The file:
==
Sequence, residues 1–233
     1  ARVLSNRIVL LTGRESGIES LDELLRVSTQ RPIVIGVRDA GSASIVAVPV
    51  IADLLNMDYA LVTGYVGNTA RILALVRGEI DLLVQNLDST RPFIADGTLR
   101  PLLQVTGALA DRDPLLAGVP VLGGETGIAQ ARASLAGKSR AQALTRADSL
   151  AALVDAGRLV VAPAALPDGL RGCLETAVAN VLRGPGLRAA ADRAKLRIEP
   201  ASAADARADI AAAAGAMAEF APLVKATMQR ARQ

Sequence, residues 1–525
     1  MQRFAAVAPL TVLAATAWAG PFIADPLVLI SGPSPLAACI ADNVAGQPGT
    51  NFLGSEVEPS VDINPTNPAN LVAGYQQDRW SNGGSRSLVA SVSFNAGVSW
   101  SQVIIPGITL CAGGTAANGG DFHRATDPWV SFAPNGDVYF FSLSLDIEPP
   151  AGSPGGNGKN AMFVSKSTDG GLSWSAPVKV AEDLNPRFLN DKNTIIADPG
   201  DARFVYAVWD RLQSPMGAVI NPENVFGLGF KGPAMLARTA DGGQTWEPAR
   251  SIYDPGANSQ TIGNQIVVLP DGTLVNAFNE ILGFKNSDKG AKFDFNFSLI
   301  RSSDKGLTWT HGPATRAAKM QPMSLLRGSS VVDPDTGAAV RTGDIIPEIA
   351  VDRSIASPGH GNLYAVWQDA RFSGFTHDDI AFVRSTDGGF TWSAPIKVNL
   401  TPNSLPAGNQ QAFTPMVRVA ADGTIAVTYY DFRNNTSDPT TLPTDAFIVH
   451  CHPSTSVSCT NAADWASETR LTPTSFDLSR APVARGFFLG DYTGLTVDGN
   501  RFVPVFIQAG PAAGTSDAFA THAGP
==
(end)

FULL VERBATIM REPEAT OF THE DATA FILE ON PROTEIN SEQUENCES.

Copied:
Sequence, residues 1–233
     1  ARVLSNRIVL LTGRESGIES LDELLRVSTQ RPIVIGVRDA GSASIVAVPV
    51  IADLLNMDYA LVTGYVGNTA RILALVRGEI DLLVQNLDST RPFIADGTLR
   101  PLLQVTGALA DRDPLLAGVP VLGGETGIAQ ARASLAGKSR AQALTRADSL
   151  AALVDAGRLV VAPAALPDGL RGCLETAVAN VLRGPGLRAA ADRAKLRIEP
   201  ASAADARADI AAAAGAMAEF APLVKATMQR ARQ

Sequence, residues 1–525
     1  MQRFAAVAPL TVLAATAWAG PFIADPLVLI SGPSPLAACI ADNVAGQPGT
    51  NFLGSEVEPS VDINPTNPAN LVAGYQQDRW SNGGSRSLVA SVSFNAGVSW
   101  SQVIIPGITL CAGGTAANGG DFHRATDPWV SFAPNGDVYF FSLSLDIEPP
   151  AGSPGGNGKN AMFVSKSTDG GLSWSAPVKV AEDLNPRFLN DKNTIIADPG
   201  DARFVYAVWD RLQSPMGAVI NPENVFGLGF KGPAMLARTA DGGQTWEPAR
   251  SIYDPGANSQ TIGNQIVVLP DGTLVNAFNE ILGFKNSDKG AKFDFNFSLI
   301  RSSDKGLTWT HGPATRAAKM QPMSLLRGSS VVDPDTGAAV RTGDIIPEIA
   351  VDRSIASPGH GNLYAVWQDA RFSGFTHDDI AFVRSTDGGF TWSAPIKVNL
   401  TPNSLPAGNQ QAFTPMVRVA ADGTIAVTYY DFRNNTSDPT TLPTDAFIVH
   451  CHPSTSVSCT NAADWASETR LTPTSFDLSR APVARGFFLG DYTGLTVDGN
   501  RFVPVFIQAG PAAGTSDAFA THAGP